Monday, March 7, 2011

Revelation: The Opening of The Seals

Dear Friends,
As I continue writing on this subject I must share with you a few things.

The first is that I am doing the same thing I have asked you to do (and which at least a few are doing), namely reading "History Unveiling Prophecy" again myself. And if I sound repetitive, so be it. It would enhance your study significantly if you would acquire the book for yourself.

It is as if I had never read it before.

The first and by far the deepest impression I get, which at times is overwhelming, is the sheer numbers of those, our fellow brothers and sisters in the faith of Jesus Christ, who have 'loved not their lives unto the death.' The immensity of the numbers is simply staggering.

It is easy to understand why the Roman Catholic Church, in the generations following Martin Luther, made every effort to suppress the study of church history. It is very, very ugly.

The second thing is that, apart from the enabling and calling of the Spirit of God, which I confess I feel deeply, not only I but also everyone in the western world, or more especially in the 20th and 21st century United States, are utterly unworthy to approach the subject.

Perhaps the best way to explain this is to look at the amazing, and apart from the Spirit of God totally inexplicable paradox in the metaphors of chapter five. It is this chapter that gives me the title of this post, "The Opening of The Seals."

I write here NOT to expound on what the seals refer to as regards history, but rather the matter, made clear in the very text itself, as to the worthiness required of the one who would open them.

I am assuming, in few words, that OPENING the seals equates to the beginning of the revelation of what is to come, and of course, what was to come (emphasis--past tense) as I have already said, was human suffering on an unimaginable scale.

The metaphors in the passage could not be more opposite. The elder tells John that THE LION OF JUDAH has prevailed, but when John looks to see this awesome Lion he does not see a lion but rather a defenseless little lamb, and if my understanding of the words employed is accurate it was a lamb with its throat cut, since that is the way every butchering process begins.

While not exactly a digression, allow me an explanation from my own early years. My teen years were spent on a small dairy farm in northern Vermont, and on at least two occasions my dad had me help him butcher one of the cows for meat for our own freezer. Once the animal is dead--either a bullet or a sledge hammer to the head--the throat is cut and then the whole animal is hoisted up by the back legs so as to allow the bleeding to be complete.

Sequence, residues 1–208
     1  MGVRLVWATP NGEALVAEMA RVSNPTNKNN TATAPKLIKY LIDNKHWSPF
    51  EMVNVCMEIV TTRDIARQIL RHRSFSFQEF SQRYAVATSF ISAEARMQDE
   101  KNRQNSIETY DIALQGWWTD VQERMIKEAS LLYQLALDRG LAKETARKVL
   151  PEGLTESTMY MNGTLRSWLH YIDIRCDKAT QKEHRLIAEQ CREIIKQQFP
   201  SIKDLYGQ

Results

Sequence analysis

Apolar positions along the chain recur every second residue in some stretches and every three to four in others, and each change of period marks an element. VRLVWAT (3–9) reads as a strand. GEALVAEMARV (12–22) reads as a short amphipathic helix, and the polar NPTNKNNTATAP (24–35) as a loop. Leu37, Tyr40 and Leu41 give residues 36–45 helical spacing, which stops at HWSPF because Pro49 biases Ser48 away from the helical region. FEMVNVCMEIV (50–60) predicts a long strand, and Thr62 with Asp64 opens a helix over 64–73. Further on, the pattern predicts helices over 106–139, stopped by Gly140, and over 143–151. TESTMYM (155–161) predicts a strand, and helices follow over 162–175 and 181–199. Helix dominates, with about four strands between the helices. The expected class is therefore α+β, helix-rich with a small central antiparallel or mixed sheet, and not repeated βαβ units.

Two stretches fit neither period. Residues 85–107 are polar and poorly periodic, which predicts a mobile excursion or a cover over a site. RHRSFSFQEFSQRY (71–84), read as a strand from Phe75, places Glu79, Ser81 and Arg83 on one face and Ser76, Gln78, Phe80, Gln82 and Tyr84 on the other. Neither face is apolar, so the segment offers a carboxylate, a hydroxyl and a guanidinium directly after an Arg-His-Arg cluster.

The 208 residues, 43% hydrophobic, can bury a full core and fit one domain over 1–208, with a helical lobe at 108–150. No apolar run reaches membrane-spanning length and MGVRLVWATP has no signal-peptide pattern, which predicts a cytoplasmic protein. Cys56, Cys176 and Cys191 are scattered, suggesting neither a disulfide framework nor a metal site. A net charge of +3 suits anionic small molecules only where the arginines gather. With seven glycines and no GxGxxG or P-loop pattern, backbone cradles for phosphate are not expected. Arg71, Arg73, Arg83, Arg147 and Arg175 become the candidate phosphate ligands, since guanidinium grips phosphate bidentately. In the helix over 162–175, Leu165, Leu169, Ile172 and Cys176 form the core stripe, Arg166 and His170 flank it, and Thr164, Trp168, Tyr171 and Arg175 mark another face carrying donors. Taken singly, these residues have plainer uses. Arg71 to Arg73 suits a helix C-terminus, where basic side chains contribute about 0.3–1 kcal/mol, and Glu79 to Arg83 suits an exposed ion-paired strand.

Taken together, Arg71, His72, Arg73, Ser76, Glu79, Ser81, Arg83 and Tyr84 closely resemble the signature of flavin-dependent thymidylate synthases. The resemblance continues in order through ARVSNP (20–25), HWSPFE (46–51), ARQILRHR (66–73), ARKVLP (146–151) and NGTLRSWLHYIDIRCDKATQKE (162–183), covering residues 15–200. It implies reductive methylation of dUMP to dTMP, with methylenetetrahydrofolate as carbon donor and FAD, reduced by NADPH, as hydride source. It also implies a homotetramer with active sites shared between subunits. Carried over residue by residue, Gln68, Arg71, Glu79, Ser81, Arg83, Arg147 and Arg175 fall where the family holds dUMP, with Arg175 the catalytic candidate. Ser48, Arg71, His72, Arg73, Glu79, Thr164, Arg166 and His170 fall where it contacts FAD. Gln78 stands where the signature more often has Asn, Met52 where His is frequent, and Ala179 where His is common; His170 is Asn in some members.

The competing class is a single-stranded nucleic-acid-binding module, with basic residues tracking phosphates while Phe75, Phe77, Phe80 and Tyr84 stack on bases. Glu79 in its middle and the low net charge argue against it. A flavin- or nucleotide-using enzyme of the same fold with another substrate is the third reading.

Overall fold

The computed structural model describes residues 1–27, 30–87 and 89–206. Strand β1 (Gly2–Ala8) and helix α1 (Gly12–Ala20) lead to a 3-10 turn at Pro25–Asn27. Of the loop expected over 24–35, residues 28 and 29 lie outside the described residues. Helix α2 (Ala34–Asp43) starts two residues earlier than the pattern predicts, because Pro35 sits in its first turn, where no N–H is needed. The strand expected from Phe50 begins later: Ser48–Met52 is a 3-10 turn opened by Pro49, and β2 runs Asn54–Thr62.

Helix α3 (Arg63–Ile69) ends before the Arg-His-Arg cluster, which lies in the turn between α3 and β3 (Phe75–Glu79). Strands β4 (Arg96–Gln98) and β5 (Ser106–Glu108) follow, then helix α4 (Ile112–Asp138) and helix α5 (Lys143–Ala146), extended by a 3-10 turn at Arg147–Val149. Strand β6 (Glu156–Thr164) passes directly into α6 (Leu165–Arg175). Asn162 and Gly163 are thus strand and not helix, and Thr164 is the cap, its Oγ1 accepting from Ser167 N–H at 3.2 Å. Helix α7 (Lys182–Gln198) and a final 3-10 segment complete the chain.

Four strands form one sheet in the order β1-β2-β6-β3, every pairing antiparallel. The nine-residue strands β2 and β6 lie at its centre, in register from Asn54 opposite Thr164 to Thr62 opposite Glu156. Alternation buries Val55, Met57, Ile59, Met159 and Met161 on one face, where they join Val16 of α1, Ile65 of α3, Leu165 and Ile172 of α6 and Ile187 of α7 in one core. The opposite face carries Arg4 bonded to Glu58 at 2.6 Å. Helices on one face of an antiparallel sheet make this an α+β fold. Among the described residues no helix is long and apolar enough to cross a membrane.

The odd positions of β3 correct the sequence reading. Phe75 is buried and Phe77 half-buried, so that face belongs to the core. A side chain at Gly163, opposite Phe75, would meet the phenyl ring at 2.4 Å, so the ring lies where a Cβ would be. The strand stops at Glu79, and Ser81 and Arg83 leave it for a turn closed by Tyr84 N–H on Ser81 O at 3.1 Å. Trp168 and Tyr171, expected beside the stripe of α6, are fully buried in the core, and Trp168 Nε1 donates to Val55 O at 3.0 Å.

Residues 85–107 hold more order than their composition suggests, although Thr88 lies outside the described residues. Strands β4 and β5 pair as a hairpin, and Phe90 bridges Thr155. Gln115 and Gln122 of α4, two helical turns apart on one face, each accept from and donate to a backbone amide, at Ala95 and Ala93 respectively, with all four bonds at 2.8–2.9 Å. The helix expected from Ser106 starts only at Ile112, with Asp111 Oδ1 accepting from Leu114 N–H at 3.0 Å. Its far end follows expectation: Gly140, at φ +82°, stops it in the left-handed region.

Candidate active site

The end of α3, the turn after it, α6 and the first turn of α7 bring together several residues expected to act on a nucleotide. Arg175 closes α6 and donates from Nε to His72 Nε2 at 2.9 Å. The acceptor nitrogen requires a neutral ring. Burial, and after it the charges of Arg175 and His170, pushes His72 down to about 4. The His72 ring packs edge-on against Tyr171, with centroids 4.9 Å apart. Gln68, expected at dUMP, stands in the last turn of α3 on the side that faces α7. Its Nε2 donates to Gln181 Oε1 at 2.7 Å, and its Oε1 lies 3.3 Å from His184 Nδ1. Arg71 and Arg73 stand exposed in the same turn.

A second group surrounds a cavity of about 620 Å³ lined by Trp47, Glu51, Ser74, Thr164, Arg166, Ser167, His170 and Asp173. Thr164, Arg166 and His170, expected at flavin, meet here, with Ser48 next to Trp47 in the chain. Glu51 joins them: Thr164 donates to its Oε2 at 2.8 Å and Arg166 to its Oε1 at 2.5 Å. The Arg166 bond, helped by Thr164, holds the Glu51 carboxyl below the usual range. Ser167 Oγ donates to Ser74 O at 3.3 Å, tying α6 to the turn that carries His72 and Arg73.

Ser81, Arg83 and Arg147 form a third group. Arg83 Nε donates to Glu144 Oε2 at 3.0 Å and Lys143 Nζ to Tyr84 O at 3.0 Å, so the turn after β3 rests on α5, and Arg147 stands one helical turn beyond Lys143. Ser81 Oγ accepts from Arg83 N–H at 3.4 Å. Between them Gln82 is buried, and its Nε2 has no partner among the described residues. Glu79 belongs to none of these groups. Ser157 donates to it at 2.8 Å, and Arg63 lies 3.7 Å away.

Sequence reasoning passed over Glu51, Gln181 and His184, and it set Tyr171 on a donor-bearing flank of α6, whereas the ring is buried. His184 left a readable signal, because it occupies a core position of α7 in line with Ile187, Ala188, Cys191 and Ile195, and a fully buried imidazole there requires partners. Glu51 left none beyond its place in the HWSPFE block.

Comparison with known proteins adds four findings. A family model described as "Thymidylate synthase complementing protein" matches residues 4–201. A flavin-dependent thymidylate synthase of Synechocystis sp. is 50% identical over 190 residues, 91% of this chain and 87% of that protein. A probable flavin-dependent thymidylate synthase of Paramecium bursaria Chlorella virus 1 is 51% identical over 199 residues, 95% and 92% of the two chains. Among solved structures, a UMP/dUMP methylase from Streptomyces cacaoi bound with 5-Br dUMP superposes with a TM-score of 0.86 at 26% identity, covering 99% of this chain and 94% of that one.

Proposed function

Revelation 5 says a lamb as it has been SLAIN, i.e. a live animal that had been dead, which of course Old Testament history would have made totally understandable at least to early readers of this text.

Remember that for centuries, as both Exodus and Leviticus explain as part of the law and Hebrews 9:22 mentions in one verse recounting the principle that governed that entire history, the sacrificing of a lamb as required by God, was so common an occurrence as to be as common as eating itself.

I fear we lose the sense of it in our bloodless lifestyle, and in due time, of course, they did also, becoming hardened to it all. Indeed, if there is one thing apostates of our day absolutely hate it is the thought of a blood sacrifice. They hate it and they hate those who preach it!

But to return to our subject, and in this instance my own feelings as I contemplate the task before ME, in one sense at least I feel the utter unworthiness to treat the subject.

It is as if the inspiring Spirit was saying that the only one worthy to open the subject of human suffering is One who has already suffered.